Ohio Secretary State Frank LaRose began the process of reviewing the voter rolls last Friday to eliminate inactive voters. Ohio Democrats have been attempting to halt any purging of voters and after failing several attempts, including a lawsuit just last week and lashing out on social media. Democratic Presidential Candidate Marianne Williamson joined them.
Attached to a comment about voting rights, Williamson tweeted, “Even now, Ohio is trying to purge 200,000 voters from their voter rolls. Voter suppression is the single greatest assault on our democratic freedoms and it must not be allowed to stand.”
Even now, Ohio is trying to purge 200,000 voters from their voter rolls. Voter suppression is the single greatest assault on our democratic freedoms and it must not be allowed to stand. https://t.co/w8TrkmIlzK
— Marianne Williamson (@marwilliamson) September 6, 2019
In addition to beginning the legally required voter review, LaRose issued Directive 2019-22 on Friday, “…instructing county boards of elections on how to move forward with the voter list maintenance process pursuant to state and federal law, while providing certain exceptions and safeguards to ensure that no registrant is improperly denied the opportunity to vote.”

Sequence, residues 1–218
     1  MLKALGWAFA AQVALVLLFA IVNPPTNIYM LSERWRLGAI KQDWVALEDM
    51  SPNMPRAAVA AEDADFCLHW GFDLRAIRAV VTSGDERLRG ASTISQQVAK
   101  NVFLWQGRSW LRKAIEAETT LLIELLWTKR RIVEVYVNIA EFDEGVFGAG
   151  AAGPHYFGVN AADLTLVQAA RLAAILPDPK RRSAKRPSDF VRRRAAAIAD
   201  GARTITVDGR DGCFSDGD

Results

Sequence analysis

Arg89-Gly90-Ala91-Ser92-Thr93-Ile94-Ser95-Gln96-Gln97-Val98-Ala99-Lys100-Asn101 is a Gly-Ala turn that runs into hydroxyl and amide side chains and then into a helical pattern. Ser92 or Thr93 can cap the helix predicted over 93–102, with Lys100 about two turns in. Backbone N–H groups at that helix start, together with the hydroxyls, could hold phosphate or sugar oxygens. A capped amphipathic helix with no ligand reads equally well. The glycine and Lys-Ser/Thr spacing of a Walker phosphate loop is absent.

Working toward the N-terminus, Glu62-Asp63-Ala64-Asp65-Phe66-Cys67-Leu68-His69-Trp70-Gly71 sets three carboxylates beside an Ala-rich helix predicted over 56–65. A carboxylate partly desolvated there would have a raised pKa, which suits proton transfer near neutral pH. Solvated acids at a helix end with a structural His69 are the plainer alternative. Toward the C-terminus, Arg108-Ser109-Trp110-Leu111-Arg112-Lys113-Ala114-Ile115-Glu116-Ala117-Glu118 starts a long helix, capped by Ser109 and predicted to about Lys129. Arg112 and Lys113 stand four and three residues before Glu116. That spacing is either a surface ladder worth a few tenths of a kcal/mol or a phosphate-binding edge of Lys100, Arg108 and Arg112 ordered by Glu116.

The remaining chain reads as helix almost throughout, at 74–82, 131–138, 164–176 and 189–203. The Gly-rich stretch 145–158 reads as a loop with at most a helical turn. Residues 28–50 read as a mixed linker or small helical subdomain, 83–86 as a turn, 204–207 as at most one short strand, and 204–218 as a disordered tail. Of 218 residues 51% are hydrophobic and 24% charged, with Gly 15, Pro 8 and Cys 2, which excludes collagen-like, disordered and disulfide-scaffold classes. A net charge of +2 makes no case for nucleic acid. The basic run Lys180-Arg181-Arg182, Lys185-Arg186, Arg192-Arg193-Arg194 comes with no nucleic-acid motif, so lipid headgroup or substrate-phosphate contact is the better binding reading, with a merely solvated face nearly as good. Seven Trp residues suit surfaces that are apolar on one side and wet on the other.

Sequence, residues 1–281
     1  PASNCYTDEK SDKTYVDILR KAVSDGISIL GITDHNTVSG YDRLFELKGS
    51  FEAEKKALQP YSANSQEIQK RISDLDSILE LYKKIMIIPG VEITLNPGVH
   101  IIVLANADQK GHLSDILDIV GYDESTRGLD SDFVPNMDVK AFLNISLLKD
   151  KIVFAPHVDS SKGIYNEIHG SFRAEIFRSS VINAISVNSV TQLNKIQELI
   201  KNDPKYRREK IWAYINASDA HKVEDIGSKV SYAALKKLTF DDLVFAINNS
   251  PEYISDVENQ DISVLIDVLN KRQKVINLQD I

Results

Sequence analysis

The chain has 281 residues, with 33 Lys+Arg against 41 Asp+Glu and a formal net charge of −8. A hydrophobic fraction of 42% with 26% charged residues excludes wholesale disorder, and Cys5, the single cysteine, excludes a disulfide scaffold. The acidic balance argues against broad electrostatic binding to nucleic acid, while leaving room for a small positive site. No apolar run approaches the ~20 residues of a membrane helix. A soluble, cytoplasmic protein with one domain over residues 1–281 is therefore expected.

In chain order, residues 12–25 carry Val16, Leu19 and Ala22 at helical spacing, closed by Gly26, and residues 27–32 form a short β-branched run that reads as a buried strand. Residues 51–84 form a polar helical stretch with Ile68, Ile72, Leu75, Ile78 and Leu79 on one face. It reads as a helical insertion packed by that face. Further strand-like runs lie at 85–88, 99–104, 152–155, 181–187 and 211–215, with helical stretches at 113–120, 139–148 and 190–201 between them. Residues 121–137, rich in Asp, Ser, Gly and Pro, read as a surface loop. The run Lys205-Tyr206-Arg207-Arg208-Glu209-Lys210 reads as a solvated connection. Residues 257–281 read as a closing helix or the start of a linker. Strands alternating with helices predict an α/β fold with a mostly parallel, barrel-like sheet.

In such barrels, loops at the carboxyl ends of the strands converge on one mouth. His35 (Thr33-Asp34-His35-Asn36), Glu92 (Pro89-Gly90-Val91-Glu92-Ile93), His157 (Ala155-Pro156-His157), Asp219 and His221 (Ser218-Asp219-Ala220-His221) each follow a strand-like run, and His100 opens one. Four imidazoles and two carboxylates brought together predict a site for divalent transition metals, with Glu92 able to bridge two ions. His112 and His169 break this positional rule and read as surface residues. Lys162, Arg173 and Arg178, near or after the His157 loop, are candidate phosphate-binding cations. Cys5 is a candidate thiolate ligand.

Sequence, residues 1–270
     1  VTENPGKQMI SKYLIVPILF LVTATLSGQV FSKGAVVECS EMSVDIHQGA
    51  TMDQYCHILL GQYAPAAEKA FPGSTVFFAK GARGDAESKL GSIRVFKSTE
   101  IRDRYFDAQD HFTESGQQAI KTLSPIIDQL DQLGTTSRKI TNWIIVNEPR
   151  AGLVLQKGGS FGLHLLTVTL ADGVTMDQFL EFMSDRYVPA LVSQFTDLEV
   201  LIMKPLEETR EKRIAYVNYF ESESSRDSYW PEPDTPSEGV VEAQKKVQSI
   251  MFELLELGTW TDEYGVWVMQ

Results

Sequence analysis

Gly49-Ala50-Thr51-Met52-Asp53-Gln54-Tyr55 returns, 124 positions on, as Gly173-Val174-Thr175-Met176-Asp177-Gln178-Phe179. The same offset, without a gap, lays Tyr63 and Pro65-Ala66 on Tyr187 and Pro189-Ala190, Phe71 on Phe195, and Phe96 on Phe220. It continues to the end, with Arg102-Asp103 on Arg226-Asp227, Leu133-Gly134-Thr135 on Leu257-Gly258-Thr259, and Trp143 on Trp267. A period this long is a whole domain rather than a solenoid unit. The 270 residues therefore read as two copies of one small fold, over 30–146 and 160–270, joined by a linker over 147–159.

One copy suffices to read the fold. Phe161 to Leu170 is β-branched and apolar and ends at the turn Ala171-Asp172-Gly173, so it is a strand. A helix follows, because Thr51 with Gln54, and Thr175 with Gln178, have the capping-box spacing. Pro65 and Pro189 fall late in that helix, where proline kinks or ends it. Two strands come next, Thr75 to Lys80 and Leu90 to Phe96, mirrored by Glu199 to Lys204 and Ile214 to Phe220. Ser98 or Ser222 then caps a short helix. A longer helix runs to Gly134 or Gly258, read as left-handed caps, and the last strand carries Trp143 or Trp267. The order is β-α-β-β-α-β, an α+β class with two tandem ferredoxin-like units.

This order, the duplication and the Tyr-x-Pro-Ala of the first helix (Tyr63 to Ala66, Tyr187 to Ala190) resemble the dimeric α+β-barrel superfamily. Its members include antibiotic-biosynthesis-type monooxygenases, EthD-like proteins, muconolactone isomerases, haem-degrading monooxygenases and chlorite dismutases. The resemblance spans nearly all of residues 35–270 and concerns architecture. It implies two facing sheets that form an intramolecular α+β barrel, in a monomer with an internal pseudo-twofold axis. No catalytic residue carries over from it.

“As part of the supplemental and National Change of Address process, registrants who have been inactive for four years, or eight elections, since the receipt of a confirmation notice, must be removed from the voter rolls. The voter list maintenance effort currently being conducted is required because the previous administration issued confirmation notices in 2015,” LaRose wrote in an announcement to the press.
He further stated, “There has never been a more transparent, more intensive review of Ohio’s voting rolls than what we have undertaken. Because of our collaboration with outside organizations, the proper safeguards are in place to ensure any eligible voter will have the opportunity to have their voice heard.”
Those outside organizations with whom the Secretary of State‘s office is working include the League of Women Voters, the NAACP, the Urban League, labor unions, church organizations and the Ohio Republican Party. These partners are scrutinizing the lists of voters who could be removed.
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